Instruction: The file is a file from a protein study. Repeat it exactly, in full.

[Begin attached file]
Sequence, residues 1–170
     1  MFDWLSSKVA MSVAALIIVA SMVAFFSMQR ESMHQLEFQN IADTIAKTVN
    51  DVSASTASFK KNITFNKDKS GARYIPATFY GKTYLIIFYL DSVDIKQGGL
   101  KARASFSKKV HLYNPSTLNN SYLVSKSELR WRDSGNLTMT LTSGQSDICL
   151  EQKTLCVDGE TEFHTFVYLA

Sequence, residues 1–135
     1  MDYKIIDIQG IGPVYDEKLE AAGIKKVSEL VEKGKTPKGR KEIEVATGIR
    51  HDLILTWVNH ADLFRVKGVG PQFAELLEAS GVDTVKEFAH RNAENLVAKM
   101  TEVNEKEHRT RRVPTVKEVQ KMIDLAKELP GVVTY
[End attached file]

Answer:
Sequence, residues 1–170
     1  MFDWLSSKVA MSVAALIIVA SMVAFFSMQR ESMHQLEFQN IADTIAKTVN
    51  DVSASTASFK KNITFNKDKS GARYIPATFY GKTYLIIFYL DSVDIKQGGL
   101  KARASFSKKV HLYNPSTLNN SYLVSKSELR WRDSGNLTMT LTSGQSDICL
   151  EQKTLCVDGE TEFHTFVYLA

Sequence, residues 1–135
     1  MDYKIIDIQG IGPVYDEKLE AAGIKKVSEL VEKGKTPKGR KEIEVATGIR
    51  HDLILTWVNH ADLFRVKGVG PQFAELLEAS GVDTVKEFAH RNAENLVAKM
   101  TEVNEKEHRT RRVPTVKEVQ KMIDLAKELP GVVTY